Earlier this month, I got a chance to catch up with Dancing With the Stars pro, Lindsay Arnold for an exclusive feature with Womanista! In my first interview, we dished about the show and the controversies following this season. In my second interview, we explore more of the lighter side of performing, along with family life, wellness routines and more.
While you’re at it, check out Lindsay Arnold’s Womanista Approved Influencer picks, where the Utah native outlines her favorite things from beauty to entertainment to fitness and more, that you must have!
As one of the youngest professional dancers in Dancing With the Starshistory, Lindsay Arnold is conquering the dance world and showing no signs of slowing down with every step, swing and cha-cha.
With a little more than half a million followers on social media and dancing her way victoriously to the title of top five finalists for three consecutive seasons, Arnold is clearly one to watch.
In her fifth season as a pro, the 23-year-old is hitting the dance floor this spring with former Chicago Cubs player, David Ross. But as she tells Womanista in an exclusive sit down, practice doesn’t come easy as there is a lot that goes on behind the scenes with travel and rehearsal time.
We add it to our coffee. It’s in our favorite, on-the-go breakfasts. We sprinkle it in baked goods and pastries. And it’s lurking deep within our favorite processed foods and drinks — like those delicious Frappuccinos! There’s no denying we really love sugar.
But while sugar makes life sweeter and summer all the more enjoyable, this excessive bad habit’s consumption rate is often swept under the radar. The U.S. Department of Agriculture reports the average adult consumes about 22 teaspoons of sugar per day, while children consume on average an estimated 10 more. Though they don’t provide specific recommendations on how much we should consume a day, the American Heart Association suggests at least 9.5 teaspoons.
As one of the more dangerous substances we ingest on a daily basis, refined sugar is linked to a long list of ailments like obesity, hypertension, high blood pressure, acne, depression, mood swings and fatigue — just to name a few.
While slashing sugar from your diet can be tricky because it’s in literally everything, there’s no need for paranoia. Watch for dietary information on labels and choose more natural choices like stevia, honey, brown sugar or agave. But if you’re not feeling 100 percent or are experiencing oddities in your well-being, chances are you might be experiencing signs of over-consumption.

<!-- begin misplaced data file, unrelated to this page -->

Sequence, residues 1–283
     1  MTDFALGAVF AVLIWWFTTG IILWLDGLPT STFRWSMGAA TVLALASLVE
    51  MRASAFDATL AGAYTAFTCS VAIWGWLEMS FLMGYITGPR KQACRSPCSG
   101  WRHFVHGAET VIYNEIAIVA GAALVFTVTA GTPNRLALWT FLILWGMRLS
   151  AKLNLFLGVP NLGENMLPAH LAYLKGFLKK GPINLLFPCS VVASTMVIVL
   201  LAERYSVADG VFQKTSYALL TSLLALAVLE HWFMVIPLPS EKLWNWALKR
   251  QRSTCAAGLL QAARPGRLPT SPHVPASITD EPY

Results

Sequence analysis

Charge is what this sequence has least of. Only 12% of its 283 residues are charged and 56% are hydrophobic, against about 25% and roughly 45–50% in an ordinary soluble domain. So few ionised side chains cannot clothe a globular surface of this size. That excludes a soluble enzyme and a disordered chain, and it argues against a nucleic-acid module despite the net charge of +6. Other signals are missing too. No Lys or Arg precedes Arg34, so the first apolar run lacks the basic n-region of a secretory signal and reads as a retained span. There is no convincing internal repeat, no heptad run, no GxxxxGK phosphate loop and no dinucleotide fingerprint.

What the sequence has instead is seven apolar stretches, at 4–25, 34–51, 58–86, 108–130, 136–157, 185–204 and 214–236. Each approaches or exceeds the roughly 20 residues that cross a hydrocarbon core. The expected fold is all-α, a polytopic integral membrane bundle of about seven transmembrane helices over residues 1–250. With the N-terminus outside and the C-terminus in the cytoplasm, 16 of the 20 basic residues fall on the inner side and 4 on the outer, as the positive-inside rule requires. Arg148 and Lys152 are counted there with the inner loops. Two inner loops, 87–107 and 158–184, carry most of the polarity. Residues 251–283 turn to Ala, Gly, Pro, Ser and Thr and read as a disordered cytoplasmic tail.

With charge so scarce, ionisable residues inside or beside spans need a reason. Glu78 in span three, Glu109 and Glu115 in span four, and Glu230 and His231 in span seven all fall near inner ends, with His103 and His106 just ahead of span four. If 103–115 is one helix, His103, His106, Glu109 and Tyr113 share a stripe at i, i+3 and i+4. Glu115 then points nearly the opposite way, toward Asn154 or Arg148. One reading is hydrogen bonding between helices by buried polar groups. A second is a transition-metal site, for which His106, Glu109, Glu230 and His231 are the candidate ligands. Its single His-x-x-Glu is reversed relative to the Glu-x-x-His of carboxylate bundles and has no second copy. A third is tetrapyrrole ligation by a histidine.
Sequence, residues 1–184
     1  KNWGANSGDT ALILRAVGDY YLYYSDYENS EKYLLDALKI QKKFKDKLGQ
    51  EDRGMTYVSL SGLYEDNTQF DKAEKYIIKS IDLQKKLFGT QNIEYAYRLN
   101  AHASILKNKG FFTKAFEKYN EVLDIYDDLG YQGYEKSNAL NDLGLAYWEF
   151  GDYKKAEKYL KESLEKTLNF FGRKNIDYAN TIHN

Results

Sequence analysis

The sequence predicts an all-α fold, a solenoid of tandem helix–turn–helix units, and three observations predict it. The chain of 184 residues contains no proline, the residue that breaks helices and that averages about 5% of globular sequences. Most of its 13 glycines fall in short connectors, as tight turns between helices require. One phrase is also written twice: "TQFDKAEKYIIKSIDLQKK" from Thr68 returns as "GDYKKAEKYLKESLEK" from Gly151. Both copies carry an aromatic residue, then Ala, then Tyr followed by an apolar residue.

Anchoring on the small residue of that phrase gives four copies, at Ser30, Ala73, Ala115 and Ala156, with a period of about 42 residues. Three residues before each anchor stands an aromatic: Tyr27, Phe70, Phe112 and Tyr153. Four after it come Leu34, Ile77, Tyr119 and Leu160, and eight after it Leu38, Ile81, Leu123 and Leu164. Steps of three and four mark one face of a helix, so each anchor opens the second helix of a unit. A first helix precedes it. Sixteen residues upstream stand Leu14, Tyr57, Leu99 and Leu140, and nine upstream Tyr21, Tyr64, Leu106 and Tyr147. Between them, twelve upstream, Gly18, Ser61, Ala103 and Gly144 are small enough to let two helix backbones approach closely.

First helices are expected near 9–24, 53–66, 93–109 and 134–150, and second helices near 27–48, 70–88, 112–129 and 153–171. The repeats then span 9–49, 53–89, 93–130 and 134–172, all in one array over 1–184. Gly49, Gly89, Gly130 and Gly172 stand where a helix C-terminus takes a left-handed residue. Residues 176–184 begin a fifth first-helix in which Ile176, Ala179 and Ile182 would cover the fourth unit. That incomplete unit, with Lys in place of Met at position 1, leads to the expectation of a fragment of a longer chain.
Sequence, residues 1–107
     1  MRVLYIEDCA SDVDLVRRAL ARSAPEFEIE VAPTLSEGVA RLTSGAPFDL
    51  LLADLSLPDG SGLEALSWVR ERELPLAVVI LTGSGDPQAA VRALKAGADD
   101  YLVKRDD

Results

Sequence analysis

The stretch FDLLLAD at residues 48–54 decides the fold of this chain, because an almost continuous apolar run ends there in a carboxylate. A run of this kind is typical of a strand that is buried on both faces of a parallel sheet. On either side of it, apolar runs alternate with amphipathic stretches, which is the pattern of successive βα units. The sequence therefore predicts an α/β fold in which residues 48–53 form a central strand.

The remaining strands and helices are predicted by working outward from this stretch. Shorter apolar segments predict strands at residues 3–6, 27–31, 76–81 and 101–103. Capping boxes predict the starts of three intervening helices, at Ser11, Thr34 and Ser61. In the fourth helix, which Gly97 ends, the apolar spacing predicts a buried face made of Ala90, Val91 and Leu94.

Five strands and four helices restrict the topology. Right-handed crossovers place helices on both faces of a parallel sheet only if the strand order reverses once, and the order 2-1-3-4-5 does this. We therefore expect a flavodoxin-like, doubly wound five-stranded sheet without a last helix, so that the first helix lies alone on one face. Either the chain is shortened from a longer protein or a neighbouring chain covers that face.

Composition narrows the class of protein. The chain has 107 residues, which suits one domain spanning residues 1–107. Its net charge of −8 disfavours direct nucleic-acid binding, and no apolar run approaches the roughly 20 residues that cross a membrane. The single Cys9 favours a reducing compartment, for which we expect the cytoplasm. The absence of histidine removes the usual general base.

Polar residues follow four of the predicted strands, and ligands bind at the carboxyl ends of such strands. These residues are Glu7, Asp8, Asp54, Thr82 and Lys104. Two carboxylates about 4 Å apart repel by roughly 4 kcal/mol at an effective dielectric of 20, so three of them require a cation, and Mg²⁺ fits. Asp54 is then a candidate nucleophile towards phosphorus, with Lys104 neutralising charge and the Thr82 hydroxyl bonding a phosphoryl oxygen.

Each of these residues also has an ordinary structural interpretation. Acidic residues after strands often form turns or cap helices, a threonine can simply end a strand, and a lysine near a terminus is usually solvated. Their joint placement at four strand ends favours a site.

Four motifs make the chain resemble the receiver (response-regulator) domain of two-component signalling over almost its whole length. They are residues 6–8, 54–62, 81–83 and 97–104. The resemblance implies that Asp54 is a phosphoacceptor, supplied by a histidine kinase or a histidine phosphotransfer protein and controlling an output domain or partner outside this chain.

Summer entails not just sunshine and opportunities for travel, but plenty of occasions to indulge in some of our favorite foods. But as the season’s sunshine helps smash the blues, a cleanse or detox just in time for quality summer fun can chase away the sluggishness that often slows down our bodies after a long winter.
Eating clean to optimize your health is an excellent way to refresh your eating habits. You may have heard of the “clean-eating” craze thanks to its popularity of foodie photos on social media and the countless hashtags like #cleaneating or #eatclean, but the spirit of eating clean lies in how it’s delivered to your table—meaning, as natural as possible. And while many see it as a diet, it’s more about creating a happy and healthy lifestyle for yourself for an improved wellness, one meal at a time. That said, it also means, eating minimally processed and packaged foods, and cooking more at home with good ingredients.
Touted as the best way to rev up your natural detoxification process by experts and nutritionists through the consumption of whole, real foods like veggies, fruit, whole grains, protein, nuts, seeds and oils, clean eating is a nutritious and beneficial way to support your body’s well-being.
With technology continuously advancing and social media setting new rules for all segments of society, every day we get more connected to each other. Conversely then, does being more connected mean being more communicative? Scientists don’t think so. In fact, a study out of the University of Michigan shows how online social media contributes to loneliness and reduces overall life-satisfaction, rather than making us feel connected.
Without a doubt, we have become addicted to our digital devices; we check our emails a number of times in a single day, photograph our food, post status updates about what we’re up to, and in many ways it seems like a quality way of keeping in touch with those that matter, but that’s not the case. Technology in these past few years has made aspects of our social life easier, giving hope and optimism to those using it. In many ways, social networking has glorified the virtual romance of technology but has made users pay the price with their self-esteem.